DevOps specialists are at the core of the digital transformation in IT organizations where consumerization of IT and digitalisation are two of the main driving factors behind traditional IT and new development of products coming together under the same umbrella. However, while transformation for the better is always good, the main risks that organizations face when they run Continuous Development cycles of customer-facing applications are that automated tasks proliferate, which in turn implies security risks across the entire IT ecosystem.
Risks of DevOps in an enterprise
Most organizations are unaware and unprepared for the explosion of potential vulnerabilities that arise from expanding DevOps functions. As enterprises adopt a cloud-based environment, several confidential material and other credentials could be shared across interconnected business systems. One of the main attributes of automation is that it facilitates machine-to-machine interaction without human intervention and consequently this leads to reliability on machines than human identities. The challenges step-up when systems need to manage privileged accounts which are not always integrated with DevOps processes. Additional challenges include:
- Critical and regulated workloads, which are moving to the cloud, increasing security risks
- Speed of deployment of virtualized services, containers, and microservices making it difficult to monitor them without code-based tools.
- New security gaps where different systems overlap and interconnect due to increased automation
It is true that traditional security programmes have not kept pace with the new vulnerabilities that have cropped up due to increased automation. As the number of tasks that are automated in DevOps increase, the risk of flaws and exploits being shared automatically rises, even as human ability to deal with them falls.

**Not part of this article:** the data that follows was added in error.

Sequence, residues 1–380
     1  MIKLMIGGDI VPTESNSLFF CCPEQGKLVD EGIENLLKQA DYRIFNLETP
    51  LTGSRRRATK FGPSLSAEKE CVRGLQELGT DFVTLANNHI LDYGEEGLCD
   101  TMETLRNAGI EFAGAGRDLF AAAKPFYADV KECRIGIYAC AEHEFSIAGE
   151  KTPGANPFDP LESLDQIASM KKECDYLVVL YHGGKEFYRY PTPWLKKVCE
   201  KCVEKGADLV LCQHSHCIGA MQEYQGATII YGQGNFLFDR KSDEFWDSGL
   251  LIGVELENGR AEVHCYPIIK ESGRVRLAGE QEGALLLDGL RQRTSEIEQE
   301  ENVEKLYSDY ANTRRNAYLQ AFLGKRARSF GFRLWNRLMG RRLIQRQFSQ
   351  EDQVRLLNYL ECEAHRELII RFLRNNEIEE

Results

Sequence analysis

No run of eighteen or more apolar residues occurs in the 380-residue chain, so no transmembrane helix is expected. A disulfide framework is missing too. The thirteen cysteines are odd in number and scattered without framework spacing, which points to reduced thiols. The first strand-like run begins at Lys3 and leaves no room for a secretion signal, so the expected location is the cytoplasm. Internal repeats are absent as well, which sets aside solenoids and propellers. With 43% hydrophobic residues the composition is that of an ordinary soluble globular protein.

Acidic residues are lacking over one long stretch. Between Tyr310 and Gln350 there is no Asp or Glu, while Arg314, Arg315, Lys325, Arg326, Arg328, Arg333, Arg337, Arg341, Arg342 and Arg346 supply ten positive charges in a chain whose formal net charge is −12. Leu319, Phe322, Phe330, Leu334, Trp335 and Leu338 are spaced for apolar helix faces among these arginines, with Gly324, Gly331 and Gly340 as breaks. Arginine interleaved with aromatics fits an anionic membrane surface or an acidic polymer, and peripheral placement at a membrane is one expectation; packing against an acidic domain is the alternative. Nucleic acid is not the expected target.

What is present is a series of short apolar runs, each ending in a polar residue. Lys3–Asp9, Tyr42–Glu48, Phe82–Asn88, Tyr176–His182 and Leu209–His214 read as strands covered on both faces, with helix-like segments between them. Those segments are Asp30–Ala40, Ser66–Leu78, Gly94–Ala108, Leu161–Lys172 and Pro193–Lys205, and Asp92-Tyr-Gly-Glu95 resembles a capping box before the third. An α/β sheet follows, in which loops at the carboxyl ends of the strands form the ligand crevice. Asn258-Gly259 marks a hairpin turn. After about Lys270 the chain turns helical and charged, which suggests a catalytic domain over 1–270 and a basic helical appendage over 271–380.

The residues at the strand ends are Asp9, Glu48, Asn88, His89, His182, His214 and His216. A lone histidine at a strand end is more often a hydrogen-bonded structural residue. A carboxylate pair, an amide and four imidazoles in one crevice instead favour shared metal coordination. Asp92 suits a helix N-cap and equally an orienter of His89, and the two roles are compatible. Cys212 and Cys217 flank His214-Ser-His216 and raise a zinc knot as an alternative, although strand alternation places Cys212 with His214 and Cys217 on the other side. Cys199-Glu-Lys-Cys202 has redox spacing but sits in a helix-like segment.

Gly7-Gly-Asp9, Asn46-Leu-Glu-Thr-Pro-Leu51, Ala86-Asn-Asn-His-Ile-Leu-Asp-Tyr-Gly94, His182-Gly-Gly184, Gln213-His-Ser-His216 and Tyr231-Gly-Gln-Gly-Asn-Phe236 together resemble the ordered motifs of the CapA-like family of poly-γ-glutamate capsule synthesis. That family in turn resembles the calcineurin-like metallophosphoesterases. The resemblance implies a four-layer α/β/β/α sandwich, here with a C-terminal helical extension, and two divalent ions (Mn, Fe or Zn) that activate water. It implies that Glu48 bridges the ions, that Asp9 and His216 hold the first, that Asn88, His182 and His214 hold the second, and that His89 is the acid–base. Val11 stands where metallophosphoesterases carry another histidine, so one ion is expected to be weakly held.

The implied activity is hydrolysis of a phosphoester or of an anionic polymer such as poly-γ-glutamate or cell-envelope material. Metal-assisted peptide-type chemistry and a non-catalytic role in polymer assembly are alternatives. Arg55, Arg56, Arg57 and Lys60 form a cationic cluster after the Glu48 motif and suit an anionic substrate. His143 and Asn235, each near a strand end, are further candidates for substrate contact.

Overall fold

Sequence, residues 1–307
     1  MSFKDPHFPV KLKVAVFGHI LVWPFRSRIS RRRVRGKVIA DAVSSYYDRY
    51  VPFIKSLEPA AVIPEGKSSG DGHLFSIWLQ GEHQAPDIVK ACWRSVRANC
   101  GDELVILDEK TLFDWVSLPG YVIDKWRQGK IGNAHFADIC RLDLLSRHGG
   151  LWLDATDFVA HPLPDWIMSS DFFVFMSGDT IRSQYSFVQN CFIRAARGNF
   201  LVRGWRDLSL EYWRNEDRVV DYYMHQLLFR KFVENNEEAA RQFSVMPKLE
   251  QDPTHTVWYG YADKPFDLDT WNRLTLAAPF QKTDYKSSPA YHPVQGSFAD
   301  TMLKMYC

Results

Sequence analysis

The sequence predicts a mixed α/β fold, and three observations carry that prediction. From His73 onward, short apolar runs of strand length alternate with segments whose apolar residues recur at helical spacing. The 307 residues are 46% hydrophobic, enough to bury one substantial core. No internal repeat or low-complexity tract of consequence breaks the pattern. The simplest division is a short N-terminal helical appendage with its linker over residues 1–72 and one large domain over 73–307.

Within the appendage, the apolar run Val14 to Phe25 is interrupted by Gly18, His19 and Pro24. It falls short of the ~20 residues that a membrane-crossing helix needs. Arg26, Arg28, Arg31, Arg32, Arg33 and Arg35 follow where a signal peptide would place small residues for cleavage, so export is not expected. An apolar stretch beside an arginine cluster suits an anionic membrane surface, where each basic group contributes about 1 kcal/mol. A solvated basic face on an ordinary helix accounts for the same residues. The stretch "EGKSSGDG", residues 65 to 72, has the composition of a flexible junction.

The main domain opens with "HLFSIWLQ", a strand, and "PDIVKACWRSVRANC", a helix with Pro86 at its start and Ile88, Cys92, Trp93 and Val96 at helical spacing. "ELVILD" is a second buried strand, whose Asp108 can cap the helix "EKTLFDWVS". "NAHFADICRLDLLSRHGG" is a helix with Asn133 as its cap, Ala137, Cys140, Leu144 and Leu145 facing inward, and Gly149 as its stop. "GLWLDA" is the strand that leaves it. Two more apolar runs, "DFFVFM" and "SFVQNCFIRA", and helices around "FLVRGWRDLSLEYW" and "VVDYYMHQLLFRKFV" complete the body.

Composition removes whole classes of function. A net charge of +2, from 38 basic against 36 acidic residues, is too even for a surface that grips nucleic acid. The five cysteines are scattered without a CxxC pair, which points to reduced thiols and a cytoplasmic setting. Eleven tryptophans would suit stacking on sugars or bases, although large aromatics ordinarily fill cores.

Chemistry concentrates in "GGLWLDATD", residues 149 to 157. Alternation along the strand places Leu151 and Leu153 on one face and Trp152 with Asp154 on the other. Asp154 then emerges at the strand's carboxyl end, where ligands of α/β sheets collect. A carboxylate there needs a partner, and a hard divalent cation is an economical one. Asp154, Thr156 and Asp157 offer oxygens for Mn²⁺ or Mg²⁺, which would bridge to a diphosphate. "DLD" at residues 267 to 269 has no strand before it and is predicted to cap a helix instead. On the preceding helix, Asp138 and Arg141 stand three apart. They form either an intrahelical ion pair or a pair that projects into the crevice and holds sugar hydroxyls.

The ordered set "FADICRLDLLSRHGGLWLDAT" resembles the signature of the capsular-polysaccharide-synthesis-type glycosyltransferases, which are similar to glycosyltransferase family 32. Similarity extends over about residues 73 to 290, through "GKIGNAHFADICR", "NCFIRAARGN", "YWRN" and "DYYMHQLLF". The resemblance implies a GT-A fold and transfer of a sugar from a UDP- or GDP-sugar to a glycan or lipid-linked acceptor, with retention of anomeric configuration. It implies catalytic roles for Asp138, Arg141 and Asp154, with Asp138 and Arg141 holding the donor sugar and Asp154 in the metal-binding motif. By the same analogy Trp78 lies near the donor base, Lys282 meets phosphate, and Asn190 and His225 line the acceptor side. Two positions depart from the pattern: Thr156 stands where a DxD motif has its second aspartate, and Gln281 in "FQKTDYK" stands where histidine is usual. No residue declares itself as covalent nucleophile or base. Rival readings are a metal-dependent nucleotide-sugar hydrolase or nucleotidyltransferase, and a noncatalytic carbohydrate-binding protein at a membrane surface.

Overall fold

Today, organizations are embracing AI, IoT and Big Data analytics rapidly. DevOps can be applied easily to these technologies, however, as the IT environment becomes more complicated with the advent of hybrid models, near shore, on-premise and others, the security risks continue to rise. Because highly automated systems can also be vulnerable to online data thefts, cyber crimes and more.
In order to implement DevOps successfully across organizations quickly, many enterprises look for tools that will unify Development and IT in addition to ensuring collaboration. This search for tools to solve problems exists in many domains but seems particularly prevalent in IT. Each organization is different, but tools that can be used to visualize work (physical card walls, Trello, Jira) are very good for reinforcing collaboration. Predictable deployments are more likely when the deployment pipeline and testing have been automated. And communication usually remains good when teams that work on the same functionality all sit together in one place. How you fit these ideas and processes into your organization depends on how your organization works.
Customers ask for automation, Continuous Delivery, Continuous Integration and DevOps practices. Without addressing underlying challenges like security threats or the ever increasing speed of processing, implementing DevOps will lead to failure. System failures can lead to loss of catastrophic equipment rupture, potentially leading to significant damage to the surroundings or worse, even physical injuries and can result in irreversible damage to an enterprise. Human strengths, such as judgement, future planning ability and creativity must be quantified and be part of the design. Most of the challenges are not in poor tools but in systemic challenges since DevOps includes people, processes and systems which when addressed, lead to successful DevOps implementation.
In conclusion, automation and DevOps increase speed of operation and production and its benefits far outweigh the risk.